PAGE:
One of my favorite tech items is my iPad. I have plenty of tech gear to choose from, but somehow it’s the iPad that ends up in my hands a lot. I use it for any number of reasons, but often it is as a point of reference while my hands are busy doing other things. And at times like that, I really don’t want my iPad turning off too soon.
A Good Reason To Stop Your Ipad Turning Off
Let me give you an example or three. I sometimes do experimentation (if you saw me, you’d know why I didn’t use the word “cooking”) in the kitchen, and I don’t want to smear the iPad with my latest concoction to see what the next step should be. Or maybe I have the iPad running as a monitor for a web service or real-time Google Analytics (yes, I can be that anal) while I work on other things.
On occasion, I will attempt to repair or otherwise finish off (the latter, usually) something in the house and use the iPad to show a diagram or instructions. At times like that, I sure don’t want to be touching the screen.
So there are times that we just want don’t want the iPad turning off its screen as much as it does with the default, save all the energy you can, setting. In fact, I would argue that the iPad deserves a much longer default timeout than the iPhone since most iPad users aren’t just using the iPad for a quick peek. With that said, let’s change that timeout to something more sensible.
Change Your Settings
Open your iPad and go to settings. From there you will want to go to the Display and Brightness option. Once there, look for the Auto-Lock setting on the right.
Once you select Auto-Lock, choose a time that makes more sense to you and how you use your iPad. You will find the choices to be 2 minutes, 5 minutes, 10 minutes, 15 minutes, and never.
What is your best setting? If you tend to use your iPad a lot while doing other things, then I would suggest going with a larger timeout before you see your iPad turning off. It might cost you just a bit more battery power in the long run from being on while unattended if you get interrupted, but the convenience outweighs a slightly quicker trip to the charger.
If you tend to be interrupted a lot or just briefly use your iPad at a time, feel free to choose a smaller timeout. But even then I think the 2 minutes default is just too small for the way iPads are typically used.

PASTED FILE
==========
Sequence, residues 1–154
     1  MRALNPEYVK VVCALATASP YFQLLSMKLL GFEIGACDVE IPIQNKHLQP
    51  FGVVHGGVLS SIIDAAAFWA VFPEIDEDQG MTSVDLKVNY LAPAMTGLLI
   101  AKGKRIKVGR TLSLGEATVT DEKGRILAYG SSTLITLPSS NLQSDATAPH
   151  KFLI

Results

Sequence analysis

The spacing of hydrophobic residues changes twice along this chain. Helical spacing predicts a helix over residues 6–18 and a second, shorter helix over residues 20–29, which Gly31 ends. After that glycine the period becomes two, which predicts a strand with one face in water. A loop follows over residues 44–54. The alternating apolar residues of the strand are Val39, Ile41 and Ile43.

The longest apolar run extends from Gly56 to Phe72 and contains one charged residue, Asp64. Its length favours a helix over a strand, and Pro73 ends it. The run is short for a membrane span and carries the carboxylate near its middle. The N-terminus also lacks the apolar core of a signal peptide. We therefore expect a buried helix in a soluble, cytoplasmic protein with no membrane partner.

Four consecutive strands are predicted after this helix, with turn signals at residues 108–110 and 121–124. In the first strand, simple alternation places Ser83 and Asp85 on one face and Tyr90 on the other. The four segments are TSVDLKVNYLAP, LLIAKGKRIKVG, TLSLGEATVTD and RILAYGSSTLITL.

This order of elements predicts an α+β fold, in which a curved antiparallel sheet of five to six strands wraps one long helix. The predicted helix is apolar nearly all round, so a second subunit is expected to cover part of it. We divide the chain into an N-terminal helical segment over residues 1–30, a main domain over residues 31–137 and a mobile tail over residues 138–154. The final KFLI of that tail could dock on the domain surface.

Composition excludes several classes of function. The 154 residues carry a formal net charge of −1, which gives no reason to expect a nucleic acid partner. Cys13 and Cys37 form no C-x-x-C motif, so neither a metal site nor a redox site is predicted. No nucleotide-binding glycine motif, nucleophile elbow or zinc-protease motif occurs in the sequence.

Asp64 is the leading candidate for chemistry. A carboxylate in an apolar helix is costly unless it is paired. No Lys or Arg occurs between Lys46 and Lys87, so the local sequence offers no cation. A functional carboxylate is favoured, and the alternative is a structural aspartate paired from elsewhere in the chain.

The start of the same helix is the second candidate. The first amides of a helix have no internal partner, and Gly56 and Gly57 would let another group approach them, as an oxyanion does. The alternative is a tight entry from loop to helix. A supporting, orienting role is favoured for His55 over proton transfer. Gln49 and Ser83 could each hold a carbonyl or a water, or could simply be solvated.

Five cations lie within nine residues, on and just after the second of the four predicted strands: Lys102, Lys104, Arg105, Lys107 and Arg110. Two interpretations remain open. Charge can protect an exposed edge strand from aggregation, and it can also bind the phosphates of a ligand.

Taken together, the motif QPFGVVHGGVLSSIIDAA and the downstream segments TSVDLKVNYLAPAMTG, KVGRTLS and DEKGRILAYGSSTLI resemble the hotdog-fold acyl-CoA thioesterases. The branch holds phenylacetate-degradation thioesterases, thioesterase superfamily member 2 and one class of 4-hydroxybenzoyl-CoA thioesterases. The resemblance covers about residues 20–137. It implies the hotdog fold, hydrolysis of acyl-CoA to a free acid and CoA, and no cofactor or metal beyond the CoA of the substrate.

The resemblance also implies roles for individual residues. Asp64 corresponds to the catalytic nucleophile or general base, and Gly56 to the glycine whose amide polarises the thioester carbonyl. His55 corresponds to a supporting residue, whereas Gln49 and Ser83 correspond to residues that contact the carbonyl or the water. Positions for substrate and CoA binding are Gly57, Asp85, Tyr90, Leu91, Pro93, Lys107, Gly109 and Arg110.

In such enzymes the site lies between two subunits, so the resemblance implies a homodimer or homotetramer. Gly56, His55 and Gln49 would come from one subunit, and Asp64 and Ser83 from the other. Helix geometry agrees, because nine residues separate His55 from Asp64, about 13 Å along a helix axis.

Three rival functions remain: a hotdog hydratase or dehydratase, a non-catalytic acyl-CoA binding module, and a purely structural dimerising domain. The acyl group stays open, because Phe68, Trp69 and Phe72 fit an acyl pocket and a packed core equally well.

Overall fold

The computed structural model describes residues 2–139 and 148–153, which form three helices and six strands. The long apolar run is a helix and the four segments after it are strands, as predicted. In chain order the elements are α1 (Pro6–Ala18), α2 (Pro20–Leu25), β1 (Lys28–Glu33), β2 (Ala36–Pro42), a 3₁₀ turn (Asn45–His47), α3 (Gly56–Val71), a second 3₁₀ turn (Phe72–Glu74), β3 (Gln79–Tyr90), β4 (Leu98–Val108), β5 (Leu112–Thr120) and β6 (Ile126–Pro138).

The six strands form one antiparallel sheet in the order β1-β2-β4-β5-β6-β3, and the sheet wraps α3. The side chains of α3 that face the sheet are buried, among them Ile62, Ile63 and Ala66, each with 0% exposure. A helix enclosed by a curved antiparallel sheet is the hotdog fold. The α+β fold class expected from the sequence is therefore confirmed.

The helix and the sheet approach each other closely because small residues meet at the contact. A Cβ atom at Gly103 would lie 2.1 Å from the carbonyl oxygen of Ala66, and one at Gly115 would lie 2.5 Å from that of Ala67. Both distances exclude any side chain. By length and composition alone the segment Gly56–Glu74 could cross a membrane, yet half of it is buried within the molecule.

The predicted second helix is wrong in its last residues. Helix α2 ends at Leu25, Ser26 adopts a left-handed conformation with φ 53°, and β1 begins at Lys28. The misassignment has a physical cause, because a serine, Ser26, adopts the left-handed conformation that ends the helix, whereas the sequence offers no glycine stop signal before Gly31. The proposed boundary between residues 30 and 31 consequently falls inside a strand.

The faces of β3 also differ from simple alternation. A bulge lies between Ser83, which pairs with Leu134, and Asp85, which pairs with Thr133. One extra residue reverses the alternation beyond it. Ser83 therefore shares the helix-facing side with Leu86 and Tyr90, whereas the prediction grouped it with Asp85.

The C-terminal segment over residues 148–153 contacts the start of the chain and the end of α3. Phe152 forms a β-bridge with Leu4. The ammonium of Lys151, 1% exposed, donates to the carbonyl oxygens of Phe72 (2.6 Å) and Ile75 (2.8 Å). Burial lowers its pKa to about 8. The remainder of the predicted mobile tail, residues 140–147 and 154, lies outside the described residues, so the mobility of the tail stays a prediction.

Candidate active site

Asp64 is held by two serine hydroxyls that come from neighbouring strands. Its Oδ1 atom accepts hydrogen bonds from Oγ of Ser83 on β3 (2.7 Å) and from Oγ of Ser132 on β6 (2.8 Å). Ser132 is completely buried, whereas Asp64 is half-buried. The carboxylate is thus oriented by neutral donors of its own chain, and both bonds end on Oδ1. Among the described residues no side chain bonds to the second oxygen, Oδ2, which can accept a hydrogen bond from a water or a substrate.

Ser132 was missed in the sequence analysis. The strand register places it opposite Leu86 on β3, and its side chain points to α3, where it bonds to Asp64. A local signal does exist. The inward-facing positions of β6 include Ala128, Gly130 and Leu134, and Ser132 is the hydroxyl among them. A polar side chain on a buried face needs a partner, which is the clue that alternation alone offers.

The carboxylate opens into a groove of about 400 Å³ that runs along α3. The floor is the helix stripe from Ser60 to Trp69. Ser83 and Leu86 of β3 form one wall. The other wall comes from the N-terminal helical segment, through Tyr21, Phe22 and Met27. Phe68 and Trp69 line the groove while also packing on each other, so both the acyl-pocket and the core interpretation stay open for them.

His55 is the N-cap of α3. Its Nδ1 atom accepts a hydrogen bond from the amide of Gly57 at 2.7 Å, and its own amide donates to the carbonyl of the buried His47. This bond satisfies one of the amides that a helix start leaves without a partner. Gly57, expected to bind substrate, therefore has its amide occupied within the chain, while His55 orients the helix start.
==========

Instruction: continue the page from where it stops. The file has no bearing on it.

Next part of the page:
One thing to note here is if you travel with your iPad a lot you may want to opt for a shorter timeout. The reason is security – if you walk away or leave your iPad on a table or desk for a few minutes, you will want your iPad to lock itself quicker and keep prying eyes out of your information.
This isn’t the first time safety has made things inconvenient, and sometimes we just have to live with these things. It’s also another great reason as to why the iPhone deserves a shorter timeout than the iPad since people are more apt to travel with their iPhone while the iPad is at home. But individual use cases will vary, of course – that’s why Apple added in choices. I typically choose a 10-minute timeout as a good compromise for my uses.
Once you select a new timeout, leave the setting and go back into it to make sure that everything looks correct. You should expect to see the time now listed on the right by the Auto-Lock setting. If it is, you should be good to go.
Now that your iPad turning off too soon is a thing of the past, you may find that its flexibility has increased for you in things you do around the house and in your work. In fact, I’m still discovering new and interesting uses for the device.
I would like to expand its practical functionality by adding iPad mounting velcro strips at key points, but so far Donna doesn’t see the value add in having black strips on display in random locations in the house.
Well, that’s a story for another time, but join us next time for tech tips to make your life easier.
When he is not writing on his wife’s blog or has his head buried in software code, Greg Chaffins can be found celebrating nerdy things on his own website, NerdBeach.